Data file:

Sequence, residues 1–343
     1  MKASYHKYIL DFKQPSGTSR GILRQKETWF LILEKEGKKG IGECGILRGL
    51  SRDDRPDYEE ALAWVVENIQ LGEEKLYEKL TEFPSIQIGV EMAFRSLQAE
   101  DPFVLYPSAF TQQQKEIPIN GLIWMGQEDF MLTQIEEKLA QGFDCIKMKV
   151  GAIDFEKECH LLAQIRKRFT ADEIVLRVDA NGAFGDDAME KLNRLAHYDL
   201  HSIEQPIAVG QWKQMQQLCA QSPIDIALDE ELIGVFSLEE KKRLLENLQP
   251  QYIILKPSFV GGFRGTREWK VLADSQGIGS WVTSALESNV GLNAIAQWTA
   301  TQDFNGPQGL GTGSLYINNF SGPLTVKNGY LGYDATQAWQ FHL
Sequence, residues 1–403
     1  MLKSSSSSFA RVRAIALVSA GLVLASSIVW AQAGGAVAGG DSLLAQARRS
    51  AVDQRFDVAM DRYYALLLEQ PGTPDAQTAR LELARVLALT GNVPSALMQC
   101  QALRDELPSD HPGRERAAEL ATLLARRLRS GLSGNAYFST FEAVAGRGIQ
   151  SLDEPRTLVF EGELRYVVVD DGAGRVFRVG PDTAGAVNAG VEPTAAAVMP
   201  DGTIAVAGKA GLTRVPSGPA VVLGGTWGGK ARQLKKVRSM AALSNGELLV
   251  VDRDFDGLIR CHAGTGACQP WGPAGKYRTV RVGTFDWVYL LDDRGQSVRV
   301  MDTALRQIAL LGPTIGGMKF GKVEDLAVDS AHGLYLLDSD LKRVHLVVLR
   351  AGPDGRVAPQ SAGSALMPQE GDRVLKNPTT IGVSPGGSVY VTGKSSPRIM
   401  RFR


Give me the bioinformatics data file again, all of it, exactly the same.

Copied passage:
Sequence, residues 1–343
     1  MKASYHKYIL DFKQPSGTSR GILRQKETWF LILEKEGKKG IGECGILRGL
    51  SRDDRPDYEE ALAWVVENIQ LGEEKLYEKL TEFPSIQIGV EMAFRSLQAE
   101  DPFVLYPSAF TQQQKEIPIN GLIWMGQEDF MLTQIEEKLA QGFDCIKMKV
   151  GAIDFEKECH LLAQIRKRFT ADEIVLRVDA NGAFGDDAME KLNRLAHYDL
   201  HSIEQPIAVG QWKQMQQLCA QSPIDIALDE ELIGVFSLEE KKRLLENLQP
   251  QYIILKPSFV GGFRGTREWK VLADSQGIGS WVTSALESNV GLNAIAQWTA
   301  TQDFNGPQGL GTGSLYINNF SGPLTVKNGY LGYDATQAWQ FHL
Sequence, residues 1–403
     1  MLKSSSSSFA RVRAIALVSA GLVLASSIVW AQAGGAVAGG DSLLAQARRS
    51  AVDQRFDVAM DRYYALLLEQ PGTPDAQTAR LELARVLALT GNVPSALMQC
   101  QALRDELPSD HPGRERAAEL ATLLARRLRS GLSGNAYFST FEAVAGRGIQ
   151  SLDEPRTLVF EGELRYVVVD DGAGRVFRVG PDTAGAVNAG VEPTAAAVMP
   201  DGTIAVAGKA GLTRVPSGPA VVLGGTWGGK ARQLKKVRSM AALSNGELLV
   251  VDRDFDGLIR CHAGTGACQP WGPAGKYRTV RVGTFDWVYL LDDRGQSVRV
   301  MDTALRQIAL LGPTIGGMKF GKVEDLAVDS AHGLYLLDSD LKRVHLVVLR
   351  AGPDGRVAPQ SAGSALMPQE GDRVLKNPTT IGVSPGGSVY VTGKSSPRIM
   401  RFR